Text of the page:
Demitri's story

Demitri migrated from southern Europe to Sydney with his mother and stepfather as a seven-year-old in the mid-1980s. His earliest years had been very difficult. His mother had fled a physically and sexually violent relationship when Demitri was about two, and the pair had then lived on the streets.

‘I remember living under a cardboard box and under bridges … It was really, really horrible’, he told the Commissioner. ‘We were living more like gypsies than anything.’

Australia promised a better life, but Demitri’s stepfather Tony was different in the new country.

‘He started getting on alcohol; alcohol obviously changed him. And because I wasn’t his son he used to take out a lot of his anger on me’, Demitri said.

‘At first it was all just hitting, hitting, hitting, and really abusive hitting, me and my mother; then he started touching, and from touching he started raping, and so on.’

It wasn’t only Tony who sexually abused Demitri. Tony was Catholic, and took Demitri to church on Sundays. He’d leave the boy there for Sunday school, in the charge of Father Constant. Constant was a friend of Tony’s, who ‘enjoyed doing the same things that he was doing’, said Demitri.

‘He would start touching me, and then from touching it became other stuff – oral sex and things like that. And it just went on and on and on till I was a little bit older, I think I would have been maybe 10 or something like that.’

The abuse at home continued until Demitri was a teenager. When he was 16, he ran away and life ‘just turned to shit’.

Shortly before, he’d learned for the first time that Tony was not his biological father as he’d always thought. His real father was still in Europe. The information was a shock.

‘It came with a lot of depression and anger and I lost my mind. I started turning to drugs and from drugs it turned into other stuff, and other stuff – it just wrecked my life, mate. It’s just a nightmare. It seems to me that everything’s my fault and – I’m just having nightmares over and over about this stuff …

‘That’s pretty much the summary of what happened. I don’t know what else to say.’

Tony is dead now. So is Demitri’s biological father. Demitri is in jail, awaiting trial for the most recent in a long series of criminal offences. He hasn’t been able to speak to his mother since he’s been inside, coming up to a year. She is very ill, he said.

Demitri has had some counselling but felt his counsellor was too young and inexperienced to be of real assistance.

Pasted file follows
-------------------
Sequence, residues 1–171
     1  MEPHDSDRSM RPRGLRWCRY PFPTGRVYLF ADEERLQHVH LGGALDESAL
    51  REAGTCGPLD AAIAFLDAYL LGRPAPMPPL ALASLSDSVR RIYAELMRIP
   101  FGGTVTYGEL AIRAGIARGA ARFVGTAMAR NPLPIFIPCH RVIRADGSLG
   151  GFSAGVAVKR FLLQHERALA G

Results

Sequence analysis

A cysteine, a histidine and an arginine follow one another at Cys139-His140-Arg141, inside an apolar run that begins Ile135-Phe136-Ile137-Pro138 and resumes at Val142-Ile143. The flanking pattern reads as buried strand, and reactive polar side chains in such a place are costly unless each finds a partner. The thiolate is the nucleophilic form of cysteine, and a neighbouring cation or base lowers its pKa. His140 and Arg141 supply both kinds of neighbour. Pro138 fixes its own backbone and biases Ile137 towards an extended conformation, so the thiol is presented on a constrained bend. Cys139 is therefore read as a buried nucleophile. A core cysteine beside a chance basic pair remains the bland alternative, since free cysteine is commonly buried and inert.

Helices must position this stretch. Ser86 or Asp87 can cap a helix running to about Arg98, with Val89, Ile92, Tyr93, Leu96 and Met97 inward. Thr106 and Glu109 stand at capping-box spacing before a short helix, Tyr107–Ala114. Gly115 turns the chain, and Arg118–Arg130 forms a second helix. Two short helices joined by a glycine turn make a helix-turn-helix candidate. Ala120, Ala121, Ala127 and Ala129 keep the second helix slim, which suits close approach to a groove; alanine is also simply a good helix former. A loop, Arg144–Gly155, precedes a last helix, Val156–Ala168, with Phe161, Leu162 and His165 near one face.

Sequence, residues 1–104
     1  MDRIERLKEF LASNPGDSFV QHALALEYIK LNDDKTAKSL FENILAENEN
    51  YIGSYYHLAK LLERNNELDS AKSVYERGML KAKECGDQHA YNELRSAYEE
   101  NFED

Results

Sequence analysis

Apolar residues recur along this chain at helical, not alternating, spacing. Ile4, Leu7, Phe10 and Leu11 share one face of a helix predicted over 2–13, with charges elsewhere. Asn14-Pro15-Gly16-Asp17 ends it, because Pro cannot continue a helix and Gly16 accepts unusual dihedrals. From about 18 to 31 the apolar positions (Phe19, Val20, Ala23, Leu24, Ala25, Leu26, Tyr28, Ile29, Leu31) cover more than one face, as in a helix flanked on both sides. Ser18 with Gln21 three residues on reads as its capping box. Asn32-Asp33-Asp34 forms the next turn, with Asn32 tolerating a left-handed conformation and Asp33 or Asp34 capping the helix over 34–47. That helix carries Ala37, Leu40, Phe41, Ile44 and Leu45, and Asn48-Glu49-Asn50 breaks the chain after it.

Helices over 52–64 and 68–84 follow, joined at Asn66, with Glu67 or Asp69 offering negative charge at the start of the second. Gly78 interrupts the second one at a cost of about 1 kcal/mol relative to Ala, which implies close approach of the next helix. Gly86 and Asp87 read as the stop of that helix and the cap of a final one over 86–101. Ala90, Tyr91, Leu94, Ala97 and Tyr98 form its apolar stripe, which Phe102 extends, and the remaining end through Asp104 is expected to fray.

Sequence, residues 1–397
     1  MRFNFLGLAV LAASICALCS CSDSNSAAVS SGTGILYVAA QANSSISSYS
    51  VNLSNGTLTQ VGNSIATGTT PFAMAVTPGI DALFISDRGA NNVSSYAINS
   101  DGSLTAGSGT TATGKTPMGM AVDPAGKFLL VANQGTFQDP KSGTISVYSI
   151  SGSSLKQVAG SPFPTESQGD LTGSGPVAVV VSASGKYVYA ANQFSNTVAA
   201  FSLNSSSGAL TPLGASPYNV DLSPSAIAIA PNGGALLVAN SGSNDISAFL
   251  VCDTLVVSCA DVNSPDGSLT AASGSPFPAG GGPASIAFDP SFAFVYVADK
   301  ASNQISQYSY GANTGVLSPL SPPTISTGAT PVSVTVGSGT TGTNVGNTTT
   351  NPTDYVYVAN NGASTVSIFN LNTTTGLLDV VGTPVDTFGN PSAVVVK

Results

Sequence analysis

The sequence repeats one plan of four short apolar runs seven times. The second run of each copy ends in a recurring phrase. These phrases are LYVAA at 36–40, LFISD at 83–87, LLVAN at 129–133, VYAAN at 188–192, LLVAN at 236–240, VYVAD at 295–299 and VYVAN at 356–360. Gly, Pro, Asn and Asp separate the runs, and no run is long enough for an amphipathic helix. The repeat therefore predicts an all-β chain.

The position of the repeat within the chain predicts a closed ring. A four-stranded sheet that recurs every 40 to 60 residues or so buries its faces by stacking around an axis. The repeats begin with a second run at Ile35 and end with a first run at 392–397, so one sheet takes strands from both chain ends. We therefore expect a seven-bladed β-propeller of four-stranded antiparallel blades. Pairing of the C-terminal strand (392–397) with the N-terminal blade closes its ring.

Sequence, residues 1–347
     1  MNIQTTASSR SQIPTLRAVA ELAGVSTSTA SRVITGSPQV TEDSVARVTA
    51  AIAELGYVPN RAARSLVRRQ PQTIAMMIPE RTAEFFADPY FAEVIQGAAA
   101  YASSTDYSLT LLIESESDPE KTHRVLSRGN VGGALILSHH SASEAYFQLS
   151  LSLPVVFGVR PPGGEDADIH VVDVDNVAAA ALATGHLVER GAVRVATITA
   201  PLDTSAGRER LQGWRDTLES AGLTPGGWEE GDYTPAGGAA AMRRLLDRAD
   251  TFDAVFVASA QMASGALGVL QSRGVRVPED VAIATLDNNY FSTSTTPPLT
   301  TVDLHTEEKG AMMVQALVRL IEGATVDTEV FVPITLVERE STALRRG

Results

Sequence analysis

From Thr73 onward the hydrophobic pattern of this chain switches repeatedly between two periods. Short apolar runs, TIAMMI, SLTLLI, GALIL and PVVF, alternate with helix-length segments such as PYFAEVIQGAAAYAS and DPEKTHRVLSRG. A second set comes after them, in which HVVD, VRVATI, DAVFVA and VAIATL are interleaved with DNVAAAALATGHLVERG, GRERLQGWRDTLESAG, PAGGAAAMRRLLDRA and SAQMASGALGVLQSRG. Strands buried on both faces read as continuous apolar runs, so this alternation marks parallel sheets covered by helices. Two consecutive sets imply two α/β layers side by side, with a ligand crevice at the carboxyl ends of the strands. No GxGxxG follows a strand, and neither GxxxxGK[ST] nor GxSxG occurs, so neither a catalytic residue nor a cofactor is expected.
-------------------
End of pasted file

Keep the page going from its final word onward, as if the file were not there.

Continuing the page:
‘It is a little bit helpful when you start talking about it because I would never have found myself talking about this and being comfortable talking about this. But at the end of the day unless you’ve gone through the trauma that I’ve gone through, the amount of trauma, it’s hard to connect with a counsellor, especially when it’s a person so young, as well, who has no experience of life. They’re straight out of university and all they know is the books. It’s very hard to talk about something so personal.’

Even now, he said, speaking to the Commissioner about his experiences was difficult. ‘It’s just very horrific. I just can’t believe somebody that portrays themselves to be a priest or portrays themselves to be your father, or says that they love you, that they could do such a horrible thing. And it’s happening everywhere around us.’

He felt that ongoing counselling from an ‘older person’, rather than one-off or irregular sessions, would be useful. For now he wanted the chance to take part in a drug rehab program. He’d been in one before and learned some basic life lessons that he’d missed out on until then. It had got him talking about his childhood, his core beliefs, ‘everything’, he said.

‘Things that I do affect everyone around me, everything they’ve done to me affects me … All these little things I’ve learned. I really want to get the chance to go to a rehab. I think it’ll help me, in the future anyway. So that’s where I’m at, at the moment.’

In general, it’s a struggle for him to manage outside jail. He and others like him need more support, he said. He wants to stay off drugs, but doesn’t feel confident he’ll be able to do that. ‘Sometimes I do, sometimes I don’t’, he told the Commissioner.

‘I just feel there’s not enough to help people like us. I’ve been in and out of jail all my life. A lot of it is because I’ve got no family or no support out there and all I know is to turn to drugs – that’ll make the nightmares go away, that’ll make everything fine. Sometimes we feel lost and empty. How could this happen to us? They’ve taken everything that’s pure away from me. It’s a nightmare. It’s very, very traumatic …

‘Sometimes I feel like I’m better off dead, believe me, a lot of times … That’s not to say I would personally take my own life, I wouldn’t do that – it’s just that sometimes I feel hopeless, like no matter what I do, there’s just not enough help. I’m 37 years old, I’ve got nobody out there. My mother’s dying, I’ve got no help whatsoever, and every time you ask for help or you go outside and you say I need a place, or I need a job, or I need this and that, there’s nobody – it just seems like you’re going around in circles.’

Content updating Updating complete